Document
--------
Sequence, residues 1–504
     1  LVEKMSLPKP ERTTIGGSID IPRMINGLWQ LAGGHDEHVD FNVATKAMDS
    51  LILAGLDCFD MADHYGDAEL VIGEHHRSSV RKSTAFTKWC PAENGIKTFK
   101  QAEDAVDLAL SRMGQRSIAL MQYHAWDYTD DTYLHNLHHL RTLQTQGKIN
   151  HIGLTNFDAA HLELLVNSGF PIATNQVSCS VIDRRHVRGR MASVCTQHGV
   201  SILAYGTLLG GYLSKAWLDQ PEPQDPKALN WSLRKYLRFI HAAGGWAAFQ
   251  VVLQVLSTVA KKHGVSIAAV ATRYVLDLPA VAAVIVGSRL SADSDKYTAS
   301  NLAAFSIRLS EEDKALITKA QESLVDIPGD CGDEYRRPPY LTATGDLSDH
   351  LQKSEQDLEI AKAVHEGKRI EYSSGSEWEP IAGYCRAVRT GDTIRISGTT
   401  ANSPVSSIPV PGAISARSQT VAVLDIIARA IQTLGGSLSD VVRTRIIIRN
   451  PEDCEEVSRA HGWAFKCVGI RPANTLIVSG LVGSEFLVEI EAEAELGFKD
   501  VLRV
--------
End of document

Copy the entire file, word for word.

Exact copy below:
Sequence, residues 1–504
     1  LVEKMSLPKP ERTTIGGSID IPRMINGLWQ LAGGHDEHVD FNVATKAMDS
    51  LILAGLDCFD MADHYGDAEL VIGEHHRSSV RKSTAFTKWC PAENGIKTFK
   101  QAEDAVDLAL SRMGQRSIAL MQYHAWDYTD DTYLHNLHHL RTLQTQGKIN
   151  HIGLTNFDAA HLELLVNSGF PIATNQVSCS VIDRRHVRGR MASVCTQHGV
   201  SILAYGTLLG GYLSKAWLDQ PEPQDPKALN WSLRKYLRFI HAAGGWAAFQ
   251  VVLQVLSTVA KKHGVSIAAV ATRYVLDLPA VAAVIVGSRL SADSDKYTAS
   301  NLAAFSIRLS EEDKALITKA QESLVDIPGD CGDEYRRPPY LTATGDLSDH
   351  LQKSEQDLEI AKAVHEGKRI EYSSGSEWEP IAGYCRAVRT GDTIRISGTT
   401  ANSPVSSIPV PGAISARSQT VAVLDIIARA IQTLGGSLSD VVRTRIIIRN
   451  PEDCEEVSRA HGWAFKCVGI RPANTLIVSG LVGSEFLVEI EAEAELGFKD
   501  VLRV